Regulations, and trends, impact the OPE mix

Batteries surge in the Outdoor Power Equipment aisle.

The years-in-the-making trend toward battery-powered lawnmowers, leaf blowers and other species of outdoor power equipment is gaining a push from legislatures that are either moving to ban gas-powered OPE, or considering to do so.

California is moving toward such a ban that would include gas-powered lawnmowers, and it could take effect as early as 2024. Some cities — including Washington, D.C. — have already banned certain gas-powered OPE products.

The retail responses vary, but battery-powered product is gaining prominence on shelves everywhere, according to Memphis, Tenn.-based Orgill’s Alan Shore, director of seasonal merchandise, and Matt Ray, senior category manager, outdoor living. “Nearly all retailers seem to be transitioning some of their power equipment assortment to battery-powered alternatives,” said Shore.

“Many of the traditional gas equipment manufacturers are adjusting their assortment to incorporate more battery-powered options,” added Ray.

Demand and competition are charging forward.

“There is far more promotional and buying activity surrounding battery-powered categories as vendors compete to get their platform/batteries into the marketplace,” said Brad Schieber, merchandise manager for outdoor power equipment at Fort Wayne, Ind.-based Do it Best Corp. “This is especially true for handheld OPE.”

Gas powered product “will never go away completely, barring nationwide legislation,” Schieber said. “But down the road, we might be hard pressed to find it in residential areas.”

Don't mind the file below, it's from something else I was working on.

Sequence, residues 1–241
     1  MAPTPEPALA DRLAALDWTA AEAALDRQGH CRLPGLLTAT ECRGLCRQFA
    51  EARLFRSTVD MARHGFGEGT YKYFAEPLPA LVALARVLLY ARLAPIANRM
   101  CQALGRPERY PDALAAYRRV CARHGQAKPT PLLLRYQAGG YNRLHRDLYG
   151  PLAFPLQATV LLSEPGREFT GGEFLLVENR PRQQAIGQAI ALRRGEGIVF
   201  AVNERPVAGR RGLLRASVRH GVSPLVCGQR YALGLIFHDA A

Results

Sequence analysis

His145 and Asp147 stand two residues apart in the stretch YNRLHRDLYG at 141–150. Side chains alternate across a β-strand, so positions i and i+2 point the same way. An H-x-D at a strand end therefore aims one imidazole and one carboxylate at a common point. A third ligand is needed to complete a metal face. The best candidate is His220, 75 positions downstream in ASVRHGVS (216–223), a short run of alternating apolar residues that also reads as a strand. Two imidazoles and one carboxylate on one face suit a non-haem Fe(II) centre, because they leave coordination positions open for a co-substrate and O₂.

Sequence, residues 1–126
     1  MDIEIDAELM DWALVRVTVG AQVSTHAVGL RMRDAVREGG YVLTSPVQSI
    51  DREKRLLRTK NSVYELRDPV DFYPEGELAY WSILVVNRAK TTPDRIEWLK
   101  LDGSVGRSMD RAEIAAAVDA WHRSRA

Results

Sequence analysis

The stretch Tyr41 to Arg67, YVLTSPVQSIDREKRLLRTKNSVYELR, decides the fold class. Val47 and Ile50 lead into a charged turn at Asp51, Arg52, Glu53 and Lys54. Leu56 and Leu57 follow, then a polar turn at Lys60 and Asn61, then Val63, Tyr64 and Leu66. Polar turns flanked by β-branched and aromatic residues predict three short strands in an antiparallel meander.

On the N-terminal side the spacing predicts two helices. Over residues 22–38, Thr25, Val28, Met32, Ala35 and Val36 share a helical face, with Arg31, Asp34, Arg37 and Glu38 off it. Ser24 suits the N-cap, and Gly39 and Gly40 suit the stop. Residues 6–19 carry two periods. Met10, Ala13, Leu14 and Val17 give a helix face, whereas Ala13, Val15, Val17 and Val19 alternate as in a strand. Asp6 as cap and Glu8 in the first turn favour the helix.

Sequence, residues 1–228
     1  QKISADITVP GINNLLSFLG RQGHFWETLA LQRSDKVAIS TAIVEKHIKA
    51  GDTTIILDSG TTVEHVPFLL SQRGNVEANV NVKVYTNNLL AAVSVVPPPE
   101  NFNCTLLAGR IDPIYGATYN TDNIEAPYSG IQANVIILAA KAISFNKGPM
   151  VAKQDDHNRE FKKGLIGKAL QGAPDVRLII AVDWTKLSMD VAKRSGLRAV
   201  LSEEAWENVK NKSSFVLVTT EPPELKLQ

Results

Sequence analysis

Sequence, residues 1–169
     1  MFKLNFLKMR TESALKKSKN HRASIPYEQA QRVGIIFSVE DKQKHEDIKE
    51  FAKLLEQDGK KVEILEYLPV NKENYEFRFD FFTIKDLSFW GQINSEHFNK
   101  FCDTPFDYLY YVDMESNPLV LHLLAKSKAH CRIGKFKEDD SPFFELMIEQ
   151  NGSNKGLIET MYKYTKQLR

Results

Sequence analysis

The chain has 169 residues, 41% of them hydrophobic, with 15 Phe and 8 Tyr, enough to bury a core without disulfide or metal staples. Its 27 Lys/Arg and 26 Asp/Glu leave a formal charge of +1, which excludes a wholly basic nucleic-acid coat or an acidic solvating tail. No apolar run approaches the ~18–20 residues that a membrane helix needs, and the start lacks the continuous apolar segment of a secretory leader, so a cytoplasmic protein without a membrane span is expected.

On the merchandising side of the business, the move to battery powered product raises the stakes for that initial sale into a specific battery platform. “Once they buy our platform, they’re in our platform,” said Todd Zimmerman of Worx, a popular brand of Positech.

STIHL's new battery platform

Describing itself as a company rooted in sustainability, STIHL says it is continuing to improve its lineup of low-emission and zero-exhaust emission offerings. 

Mike Poluka, STIHL product manager, pointed to the new STIHL Professional Battery 135 Platform offering commercial-grade power. Also, STIHL "is developing a new multi-tier charging infrastructure which offers users multiple ways to store and charge STIHL AP and AR batteries," he said. "Professional users will be able to recharge their STIHL batteries while at the job site, upon their return to the shop for the evening, or even on the go."

Meanwhile, the battery powered movement has its own challenges — the availability of lithium ion is limited by the general supply chain issues. And as electric cars become more popular, that could add to the scarcity.

And battery-powered products reduce air pollution and noise pollution, the environmentally friendly story of batteries is clouded by less visible factors — the energy required to harvest precious metals to produce batteries, for instance.

Gas-powered product is particularly strong among the pro segment, who rely on the run time and power of the gas products.

Tom Cost, owner of Killingworth (Conn.) True Value told HBSDealer: “I am on the side of advocating for cleaner burning gas engines along with cleaner burning fuels.”

In California, Augie Venezia of Fairfax Lumber and Hardware told HBSDealer: “We face the fact that the state does not have the infrastructure to distribute the increase in needed electricity to take the place of gasoline, diesel and propane.”

Meanwhile, the market continues to see gas-engine innovations that boost fuel efficiency and reduce noise.

The battery powered movement is still looking for its holy-grail moment, Zimmerman said. “Whoever’s the first manufacturer out there that can provide a battery technology that can give them the run time of a gas blower at the power of a gas blower will change the game forever. But that’s going to take a little while."

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